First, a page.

Understanding ‘engagement’ with smartphone applications designed to promote health and wellbeing
|PhD Student||Olga Perski|
|PhD Supervisors||Professor Susan Michie (UCL), Professor Ann Blanford (UCL), Professor Robert West (UCL)|
|Start and end dates||September 2015 - September 2018|
|Funder||Olga Perski is funded by a grant from Bupa|
Smartphone applications (apps) designed to promote health and wellbeing can be disseminated widely at low cost per user. Initial results from a small number of research studies evaluating health apps under controlled conditions indicate that these show promise in supporting behaviour change; however, uptake and subsequent use is typically low. Thus, despite the promise of health apps, their potential is curtailed by problems of ‘engagement’.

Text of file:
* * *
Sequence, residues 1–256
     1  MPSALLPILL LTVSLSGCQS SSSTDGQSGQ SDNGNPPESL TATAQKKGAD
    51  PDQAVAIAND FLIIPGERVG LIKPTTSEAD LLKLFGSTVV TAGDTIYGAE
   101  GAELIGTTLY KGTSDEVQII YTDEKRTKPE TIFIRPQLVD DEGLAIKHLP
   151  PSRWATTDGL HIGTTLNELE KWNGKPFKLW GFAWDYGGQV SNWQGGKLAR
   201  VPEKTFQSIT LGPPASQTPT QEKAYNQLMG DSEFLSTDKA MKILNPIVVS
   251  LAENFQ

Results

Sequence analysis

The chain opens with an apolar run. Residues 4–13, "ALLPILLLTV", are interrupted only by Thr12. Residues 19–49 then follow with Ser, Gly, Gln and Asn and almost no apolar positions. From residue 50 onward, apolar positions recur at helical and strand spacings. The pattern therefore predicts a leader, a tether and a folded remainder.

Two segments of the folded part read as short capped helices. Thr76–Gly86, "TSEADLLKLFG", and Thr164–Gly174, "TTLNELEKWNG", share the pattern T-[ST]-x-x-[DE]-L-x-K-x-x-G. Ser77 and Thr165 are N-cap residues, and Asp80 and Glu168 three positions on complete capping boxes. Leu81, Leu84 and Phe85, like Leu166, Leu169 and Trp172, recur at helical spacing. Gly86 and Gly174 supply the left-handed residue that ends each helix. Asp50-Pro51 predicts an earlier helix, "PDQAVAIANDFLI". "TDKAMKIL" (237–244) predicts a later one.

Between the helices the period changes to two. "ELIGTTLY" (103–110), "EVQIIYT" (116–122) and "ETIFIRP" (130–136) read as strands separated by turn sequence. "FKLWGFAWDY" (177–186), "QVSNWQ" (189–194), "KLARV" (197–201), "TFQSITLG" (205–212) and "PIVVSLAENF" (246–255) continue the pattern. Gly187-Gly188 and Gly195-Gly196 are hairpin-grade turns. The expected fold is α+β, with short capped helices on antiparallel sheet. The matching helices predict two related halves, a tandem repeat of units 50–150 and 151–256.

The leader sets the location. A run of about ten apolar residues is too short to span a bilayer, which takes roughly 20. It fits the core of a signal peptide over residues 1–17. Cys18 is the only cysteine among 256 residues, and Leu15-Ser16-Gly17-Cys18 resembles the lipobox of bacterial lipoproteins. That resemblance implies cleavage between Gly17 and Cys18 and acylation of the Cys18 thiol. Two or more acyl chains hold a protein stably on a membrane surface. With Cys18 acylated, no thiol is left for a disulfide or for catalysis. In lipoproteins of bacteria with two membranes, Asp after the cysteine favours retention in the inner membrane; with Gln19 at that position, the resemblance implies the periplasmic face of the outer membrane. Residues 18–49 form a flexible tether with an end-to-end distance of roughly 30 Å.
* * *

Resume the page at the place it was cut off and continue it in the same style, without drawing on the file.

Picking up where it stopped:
The finding of a positive association between number of app logins and increased app effectiveness is consistent with the hypothesis that high engagement is necessary for health apps to be effective; however, reverse causality is also likely: people who are more successful in achieving behaviour change might be more likely to continue to use health apps. Moreover, research findings indicate that specific social, demographic, and psychological characteristics, in addition to the context in which apps are used, are important for understanding engagement with health apps.
The PhD project therefore aims to 1) gain a better understanding of how the content, format, and functionality of health apps can be improved to promote engagement and 2) gain a better understanding of the sociodemographic and psychological characteristics that moderate the influence of these factors on engagement. It is expected that findings from the project will contribute to the development of evidence-based health apps that people want to use.